ANALYSIS | Sinclair inquest meets racism and prejudice head-on

The inquest into Brian Sinclair's death came face-to-face with the issue of racism and prejudice in Manitoba's health care system last week.

Bringing to light an ugly truth in Manitoba’s health care system

Brian Sinclair, 45, died after waiting 34 hours in a Winnipeg hospital's emergency department in September 2008. (Family photo)
Esther Joyce Grant, Brian Sinclair's sister, was first at the inquest to raise the issue of racism playing a part in her brother's lack of care. (Ryan Hicks/CBC)

The inquest into Brian Sinclair’s death came face-to-face with the issue of racism and prejudice in Manitoba’s health care system last week.

It reiterates the fact that inquest Judge Timothy Preston will have to face the issue head-on during his deliberations.

Aboriginal, homeless, and wheelchair-bound, Sinclair was found dead in the waiting room in the Health Sciences Centre emergency department, 34 hours after he arrived.

He had approached the triage desk, spoke to a hospital employee and then sat in the waiting room until he died.

A matter of hours is all it took for someone to thrust the "R" word onto the table at the Brian Sinclair inquest. After her testimony on day one, Esther Joyce Grant, the sister of Brian Sinclair, was the first to put it out there.

"It’s all to do with racists," she told reporters on the steps of the law courts.

The following day, the province’s chief medical examiner, Dr. Thambirajah Balachandra, waded into the debate.

"Even if Snow White had gone there, she would have got the same treatment under the same circumstances," he told the inquest.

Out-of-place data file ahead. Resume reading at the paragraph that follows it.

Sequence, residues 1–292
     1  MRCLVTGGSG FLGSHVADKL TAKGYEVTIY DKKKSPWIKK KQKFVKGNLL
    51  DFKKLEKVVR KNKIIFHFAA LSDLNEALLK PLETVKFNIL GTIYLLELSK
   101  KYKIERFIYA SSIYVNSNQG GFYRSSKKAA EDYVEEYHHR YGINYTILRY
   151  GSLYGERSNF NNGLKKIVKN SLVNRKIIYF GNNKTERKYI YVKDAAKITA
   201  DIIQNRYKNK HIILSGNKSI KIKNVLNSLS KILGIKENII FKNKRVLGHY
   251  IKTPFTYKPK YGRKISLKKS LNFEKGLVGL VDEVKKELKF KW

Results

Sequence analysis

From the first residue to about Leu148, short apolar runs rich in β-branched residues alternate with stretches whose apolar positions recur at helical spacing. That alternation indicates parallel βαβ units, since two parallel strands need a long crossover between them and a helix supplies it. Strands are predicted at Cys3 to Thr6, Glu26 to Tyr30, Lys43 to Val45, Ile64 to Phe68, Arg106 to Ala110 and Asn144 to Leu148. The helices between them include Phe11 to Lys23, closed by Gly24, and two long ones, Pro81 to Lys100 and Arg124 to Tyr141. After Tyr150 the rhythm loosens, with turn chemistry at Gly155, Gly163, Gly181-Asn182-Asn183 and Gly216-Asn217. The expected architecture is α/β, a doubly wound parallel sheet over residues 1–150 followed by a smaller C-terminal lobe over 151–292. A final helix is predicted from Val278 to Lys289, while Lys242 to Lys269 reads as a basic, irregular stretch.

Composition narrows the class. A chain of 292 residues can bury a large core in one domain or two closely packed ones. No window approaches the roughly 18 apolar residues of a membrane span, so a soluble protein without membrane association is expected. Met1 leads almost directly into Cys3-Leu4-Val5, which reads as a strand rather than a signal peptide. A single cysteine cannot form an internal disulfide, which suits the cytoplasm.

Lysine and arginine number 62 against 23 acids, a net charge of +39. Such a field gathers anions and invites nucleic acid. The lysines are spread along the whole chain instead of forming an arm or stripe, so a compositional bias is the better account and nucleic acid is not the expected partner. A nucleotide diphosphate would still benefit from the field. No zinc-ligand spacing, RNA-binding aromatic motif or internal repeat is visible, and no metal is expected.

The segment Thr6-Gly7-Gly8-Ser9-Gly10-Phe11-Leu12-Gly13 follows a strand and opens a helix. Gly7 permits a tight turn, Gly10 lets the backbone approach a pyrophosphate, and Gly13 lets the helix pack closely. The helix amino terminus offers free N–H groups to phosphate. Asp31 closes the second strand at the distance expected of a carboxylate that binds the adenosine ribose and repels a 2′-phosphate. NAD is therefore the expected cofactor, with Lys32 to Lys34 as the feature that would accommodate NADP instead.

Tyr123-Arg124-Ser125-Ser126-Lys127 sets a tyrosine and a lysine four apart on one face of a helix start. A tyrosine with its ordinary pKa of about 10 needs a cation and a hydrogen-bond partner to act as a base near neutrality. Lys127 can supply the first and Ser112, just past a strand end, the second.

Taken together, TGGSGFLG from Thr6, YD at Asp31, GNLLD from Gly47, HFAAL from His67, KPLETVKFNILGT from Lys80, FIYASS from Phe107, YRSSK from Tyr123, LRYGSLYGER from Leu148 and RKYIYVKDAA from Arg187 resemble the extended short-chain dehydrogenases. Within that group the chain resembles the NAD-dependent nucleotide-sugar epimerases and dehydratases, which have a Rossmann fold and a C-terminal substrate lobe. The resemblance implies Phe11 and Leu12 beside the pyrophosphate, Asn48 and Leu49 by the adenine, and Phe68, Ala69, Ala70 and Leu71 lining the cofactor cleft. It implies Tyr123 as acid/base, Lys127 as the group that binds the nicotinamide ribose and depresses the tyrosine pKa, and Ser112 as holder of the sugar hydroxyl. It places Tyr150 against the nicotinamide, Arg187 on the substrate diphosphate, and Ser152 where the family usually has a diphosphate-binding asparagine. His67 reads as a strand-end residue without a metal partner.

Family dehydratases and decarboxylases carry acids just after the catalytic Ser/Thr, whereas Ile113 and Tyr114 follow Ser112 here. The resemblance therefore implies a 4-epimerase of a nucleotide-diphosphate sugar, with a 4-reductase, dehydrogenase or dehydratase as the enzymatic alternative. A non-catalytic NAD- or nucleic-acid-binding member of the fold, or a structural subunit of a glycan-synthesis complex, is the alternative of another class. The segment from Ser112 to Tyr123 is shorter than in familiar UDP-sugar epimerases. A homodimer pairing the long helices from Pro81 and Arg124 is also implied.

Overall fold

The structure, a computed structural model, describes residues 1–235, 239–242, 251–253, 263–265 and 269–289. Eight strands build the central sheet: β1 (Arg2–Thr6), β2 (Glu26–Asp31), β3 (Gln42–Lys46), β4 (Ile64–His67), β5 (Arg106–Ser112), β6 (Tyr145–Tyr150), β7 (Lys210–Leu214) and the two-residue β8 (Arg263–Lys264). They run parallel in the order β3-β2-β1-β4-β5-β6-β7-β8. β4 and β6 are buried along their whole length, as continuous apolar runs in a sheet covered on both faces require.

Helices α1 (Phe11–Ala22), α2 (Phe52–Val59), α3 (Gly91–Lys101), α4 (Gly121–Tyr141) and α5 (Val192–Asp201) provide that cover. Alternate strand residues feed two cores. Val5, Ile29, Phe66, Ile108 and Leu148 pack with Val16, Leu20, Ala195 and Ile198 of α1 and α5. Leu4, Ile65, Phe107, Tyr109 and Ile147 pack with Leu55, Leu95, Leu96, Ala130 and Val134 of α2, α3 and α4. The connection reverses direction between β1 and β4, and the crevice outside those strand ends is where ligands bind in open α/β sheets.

He believes issues with the triage system are to blame for Sinclair’s death, not racism.

The death of Brian Sinclair raised questions about how the health care system treats aboriginal people.

Last Thursday, an email tabled as evidence from the Winnipeg neuropathologist who examined Sinclair after he died pushed that question even further into the spotlight. It made some people wonder about the attitudes of health care workers towards aboriginal patients.

Dr. Thambirajah Balachandra, Manitoba's chief medical examiner, believes issues with the triage system are to blame for Sinclair’s death, not racism. (Ryan Hicks/CBC)

Dr. Marc Del Bigio examined Sinclair’s brain and spinal cord after he died. In the wake of the uproar over Sinclair’s death, Dr. Del Bigio penned an email in June 2009 to then-head of the Winnipeg Regional Health Authority, Dr. Brian Postl, and Dr. Balachandra.

"We should not lose sight of the fact that this man's problems were self-inflicted," Del Bigio wrote.

"His cognitive disability and neurogenic bladder were the consequence of decades of solvent/inhalant abuse. Societal blame can only go so far. At some level individuals must accept responsibility."

On the stand, Dr. Del Bigio admitted it was an "emotional" response to the outcry and that he used "less than optimal" language.

However, he made a judgment and assigned at least some blame to Sinclair for his health problems. The email, which Dr. Del Bigio didn’t want made public at the time, has some people wondering if it’s reflective of a general attitude to aboriginal patients.